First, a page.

Trust Fund Beneficiary


T

thescullster

Hi all

My children have been left money in my parents' will.
However, they have no access to capital until age 25, so the intention
is to put the capital in a Trust account and have interest mandated to them.

The question is, can the size of investment be witheld from them during
the Trust setup process? (Yes I know that if it was clear the interim
payments were interest they would be able to work out the capital sum
for themselves)

The sum of money is significant and I don't want the promise of future
inheritance to divert them away from the real business of sorting a
career path. Childrens' ages are between 18 and 22.

Thanks

Phil
 
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D

David Woolley

thescullster said:
My children have been left money in my parents' will.
However, they have no access to capital until age 25, so the intention
is to put the capital in a Trust account and have interest mandated to
them.
Given that one will not gain access to the capital for six to seven
years, and assuming the only restrictions on investments are those in
the legislation, if the amount is really quite large, a bank/building
society trust account is probably not going to be an appropriate
investment. If the amount is large, there is a duty for the trustees to
get advice from a competent person.
The question is, can the size of investment be witheld from them during
the Trust setup process? (Yes I know that if it was clear the interim
payments were interest they would be able to work out the capital sum
for themselves)
I would suspect that all the information is in the public domain and
that executors would be under a duty to inform the grand-children of the
details, but I don't know for certain. The trustees would be under a
moral obligation to honour the known wishes of the grandparents, and not
to impose constraints that the grandparents would not have imposed.
The sum of money is significant and I don't want the promise of future
inheritance to divert them away from the real business of sorting a
career path. Childrens' ages are between 18 and 22.
The exact wording or the will may be important in relation to the tax
rate on the interest.

I am fairly sure that a trust will be established if it looks like a
trust, even if the will doesn't actually use the word "trust".
 
T

thescullster

Given that one will not gain access to the capital for six to seven
years, and assuming the only restrictions on investments are those in
the legislation, if the amount is really quite large, a bank/building
society trust account is probably not going to be an appropriate
investment. If the amount is large, there is a duty for the trustees to
get advice from a competent person.


I would suspect that all the information is in the public domain and
that executors would be under a duty to inform the grand-children of the
details, but I don't know for certain. The trustees would be under a
moral obligation to honour the known wishes of the grandparents, and not
to impose constraints that the grandparents would not have imposed.

The exact wording or the will may be important in relation to the tax
rate on the interest.

I am fairly sure that a trust will be established if it looks like a
trust, even if the will doesn't actually use the word "trust".
Thanks David

I would not be comfortable specifying any level of risk with this
capital. Having consulted an IFA, he says that (based on the no risk
premise) bank/savings accounts are the only option. One child has 4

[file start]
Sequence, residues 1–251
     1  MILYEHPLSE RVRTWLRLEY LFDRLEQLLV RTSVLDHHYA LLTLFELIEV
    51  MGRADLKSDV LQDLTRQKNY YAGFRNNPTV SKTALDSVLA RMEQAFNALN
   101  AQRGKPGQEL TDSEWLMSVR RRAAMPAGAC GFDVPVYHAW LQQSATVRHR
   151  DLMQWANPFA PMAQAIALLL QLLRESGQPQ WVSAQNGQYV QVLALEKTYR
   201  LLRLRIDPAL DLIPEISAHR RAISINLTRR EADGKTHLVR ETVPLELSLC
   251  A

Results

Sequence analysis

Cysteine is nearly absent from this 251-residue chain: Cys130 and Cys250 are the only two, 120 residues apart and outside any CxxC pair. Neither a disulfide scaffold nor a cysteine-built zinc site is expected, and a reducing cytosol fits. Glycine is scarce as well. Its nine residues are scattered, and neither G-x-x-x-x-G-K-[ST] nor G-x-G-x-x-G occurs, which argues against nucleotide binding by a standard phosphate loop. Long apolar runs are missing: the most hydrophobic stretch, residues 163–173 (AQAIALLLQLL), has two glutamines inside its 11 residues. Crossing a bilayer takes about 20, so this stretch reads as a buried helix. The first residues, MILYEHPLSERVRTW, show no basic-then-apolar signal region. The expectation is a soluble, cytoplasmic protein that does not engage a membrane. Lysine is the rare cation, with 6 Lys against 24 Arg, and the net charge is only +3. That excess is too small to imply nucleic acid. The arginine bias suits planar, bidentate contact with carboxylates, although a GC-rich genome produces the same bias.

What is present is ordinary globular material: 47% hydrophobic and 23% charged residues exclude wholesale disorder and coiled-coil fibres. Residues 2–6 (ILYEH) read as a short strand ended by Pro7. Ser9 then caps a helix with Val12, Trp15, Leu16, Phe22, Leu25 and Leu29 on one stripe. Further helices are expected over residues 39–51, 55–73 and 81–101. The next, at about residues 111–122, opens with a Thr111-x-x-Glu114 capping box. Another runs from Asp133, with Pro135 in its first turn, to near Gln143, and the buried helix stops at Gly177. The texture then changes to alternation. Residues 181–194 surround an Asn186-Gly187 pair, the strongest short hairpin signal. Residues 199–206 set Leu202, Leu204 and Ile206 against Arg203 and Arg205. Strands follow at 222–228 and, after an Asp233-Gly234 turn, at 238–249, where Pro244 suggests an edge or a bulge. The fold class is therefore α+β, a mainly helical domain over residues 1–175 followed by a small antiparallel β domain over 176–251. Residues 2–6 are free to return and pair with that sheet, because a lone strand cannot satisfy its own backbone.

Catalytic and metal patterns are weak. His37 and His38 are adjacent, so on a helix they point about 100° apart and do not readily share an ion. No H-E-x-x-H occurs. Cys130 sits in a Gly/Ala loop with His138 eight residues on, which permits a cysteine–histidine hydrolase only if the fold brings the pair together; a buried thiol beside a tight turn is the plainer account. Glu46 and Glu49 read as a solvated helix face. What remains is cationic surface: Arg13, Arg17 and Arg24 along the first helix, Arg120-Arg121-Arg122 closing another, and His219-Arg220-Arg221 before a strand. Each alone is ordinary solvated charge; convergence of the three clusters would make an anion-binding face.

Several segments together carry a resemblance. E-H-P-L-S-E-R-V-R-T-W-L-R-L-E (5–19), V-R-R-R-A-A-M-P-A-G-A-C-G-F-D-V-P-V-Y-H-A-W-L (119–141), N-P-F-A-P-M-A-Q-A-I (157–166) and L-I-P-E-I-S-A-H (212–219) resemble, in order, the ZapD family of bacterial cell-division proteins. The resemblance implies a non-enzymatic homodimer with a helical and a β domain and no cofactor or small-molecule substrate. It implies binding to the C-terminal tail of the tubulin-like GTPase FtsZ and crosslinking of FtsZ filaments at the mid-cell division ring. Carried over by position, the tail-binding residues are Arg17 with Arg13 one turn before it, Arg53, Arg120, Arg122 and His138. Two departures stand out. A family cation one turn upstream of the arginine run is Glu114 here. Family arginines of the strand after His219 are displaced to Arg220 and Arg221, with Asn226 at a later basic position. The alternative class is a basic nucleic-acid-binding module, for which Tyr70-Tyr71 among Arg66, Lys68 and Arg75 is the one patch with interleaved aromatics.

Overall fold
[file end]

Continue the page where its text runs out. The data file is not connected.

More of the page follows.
years of investment time remaining, the other has 7. The concern is
that, certainly over 4 years, the market/investment may well not be able
to recover from any dips.
I don't believe that witholding the capital sum amount in any way
contravenes the intent of the will.

Phil
 
A

AnthonyL

I don't believe that witholding the capital sum amount in any way
contravenes the intent of the will.
But surely if the Will has gone to probate the information will be
publicly available anyway unless it was a secret trust?
 
D

David Woolley

thescullster said:
I would not be comfortable specifying any level of risk with this
capital. Having consulted an IFA, he says that (based on the no risk
But your starting premise was that the grandchildren should become
financially independent without it, which implies that you can take
reasonable risks.
premise) bank/savings accounts are the only option. One child has 4
If you tell an IFA that your risk tolerance is very low, the only option
they will ever offer, for however long a period, is a bank/BS account,
or probably several, with no more than £85,000 in each.

As a trustee, you are expected to make a risk decision based on the
nature of the trust and to mitigate the risks by having plenty of
diversity. You should probably be asking the beneficiaries as to their
acceptable risk level.
 
T

thescullster

But your starting premise was that the grandchildren should become
financially independent without it, which implies that you can take
reasonable risks.


If you tell an IFA that your risk tolerance is very low, the only option
they will ever offer, for however long a period, is a bank/BS account,
or probably several, with no more than £85,000 in each.

As a trustee, you are expected to make a risk decision based on the
nature of the trust and to mitigate the risks by having plenty of
diversity. You should probably be asking the beneficiaries as to their
acceptable risk level.
Thanks David

I will discuss your comments with my sister (co-executor) to decide on
an agreed level of risk.

Phil
 
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T

thescullster

But surely if the Will has gone to probate the information will be
publicly available anyway unless it was a secret trust?
Thanks Anthony

Publicly available where and in how much detail?

New to all this!

Phil
 
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